The Benson collection of early spoons was dispersed at Christie’s King Street last week. The highest selling lot was a Henry VI spoon with a Wodewose or wild man finial (one of only four known) which was secured by a UK private buyer on the phone for £70,000.
With the buyer's premium included, the auctioneers believe this to be the highest price for a single spoon at auction. It had been estimated at £40,000-60,000.
However, a group of six Edward IV apostle spoons valued at £150,000-250,000 failed to attract bidding with just one selling from the group at £13,000.
Overall the 39-lot group offered at the Christie's auction on June 4, comprising over 40 spoons and one fork, totalled £655,870.
Assembled over many years by the dealer, expert and advisor Jane Penrice How (née Benson), the collection of silver spoons which ranged from the Roman period to the 17th century had been on loan to the Ashmolean Museum in Oxford since 2007.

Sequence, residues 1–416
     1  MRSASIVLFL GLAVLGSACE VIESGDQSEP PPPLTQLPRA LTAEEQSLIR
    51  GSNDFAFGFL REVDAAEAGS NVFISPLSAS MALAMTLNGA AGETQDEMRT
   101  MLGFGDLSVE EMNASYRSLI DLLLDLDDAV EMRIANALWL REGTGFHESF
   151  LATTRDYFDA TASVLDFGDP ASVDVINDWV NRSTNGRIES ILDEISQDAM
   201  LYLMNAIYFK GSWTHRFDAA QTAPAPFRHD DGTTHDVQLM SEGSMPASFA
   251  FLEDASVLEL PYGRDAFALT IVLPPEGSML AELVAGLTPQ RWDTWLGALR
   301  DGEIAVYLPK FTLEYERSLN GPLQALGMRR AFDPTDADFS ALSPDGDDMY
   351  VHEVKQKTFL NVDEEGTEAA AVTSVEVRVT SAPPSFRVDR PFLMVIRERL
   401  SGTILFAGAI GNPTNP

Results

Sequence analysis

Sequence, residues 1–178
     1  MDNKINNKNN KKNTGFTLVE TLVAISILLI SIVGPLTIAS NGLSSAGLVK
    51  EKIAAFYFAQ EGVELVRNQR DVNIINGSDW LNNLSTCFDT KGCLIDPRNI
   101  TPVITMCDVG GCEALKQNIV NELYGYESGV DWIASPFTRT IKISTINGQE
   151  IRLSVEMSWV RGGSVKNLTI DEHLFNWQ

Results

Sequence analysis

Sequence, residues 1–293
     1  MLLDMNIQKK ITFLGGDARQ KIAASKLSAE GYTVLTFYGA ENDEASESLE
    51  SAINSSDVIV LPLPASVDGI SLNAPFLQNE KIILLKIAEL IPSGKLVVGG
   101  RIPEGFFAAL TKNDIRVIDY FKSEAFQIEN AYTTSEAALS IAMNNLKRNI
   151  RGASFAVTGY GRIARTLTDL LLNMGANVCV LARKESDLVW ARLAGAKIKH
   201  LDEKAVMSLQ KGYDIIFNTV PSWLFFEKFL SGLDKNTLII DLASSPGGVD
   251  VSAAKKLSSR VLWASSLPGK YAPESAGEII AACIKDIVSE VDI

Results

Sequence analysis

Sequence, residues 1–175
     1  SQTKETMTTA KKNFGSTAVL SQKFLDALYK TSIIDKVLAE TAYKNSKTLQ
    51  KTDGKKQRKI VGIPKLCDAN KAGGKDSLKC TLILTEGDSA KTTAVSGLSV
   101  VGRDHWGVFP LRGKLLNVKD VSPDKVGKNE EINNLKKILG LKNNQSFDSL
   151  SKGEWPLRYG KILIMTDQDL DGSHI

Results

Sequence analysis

Jane Penrice How (1915-2004), known as "Ben" to her friends, and simply as 'Mrs How' to acquaintances, was a character that none who knew her will forget. A long-standing member of the Antique Plate Committee at Goldsmiths Hall, where her forthright opinions were aired with some regularity, she met her husband, Commander George Evelyn Paget How, when cataloguing the Ellis spoon collection for Sotheby's in 1935.
Together, they built up a formidable dealership, How of Edinburgh (which had moved to the heart of the West End before the War) that was the training ground for a whole generation of silver dealers. Tom Lumley, Hugh Jessop, John Bourdon-Smith and Brand Inglis all worked for How at some time in their careers.
Mrs How's lengthy obituary in The Times also remembered her wide-ranging enthusiasms: wine, opera, fishing, shooting, edged weapons, beekeeping, dogs, cricket and motorcars.
Woolley & Wallis of Salisbury conducted the How of Edinburgh stock sale in October 2007 - a single-owner catalogue totalling £550,000.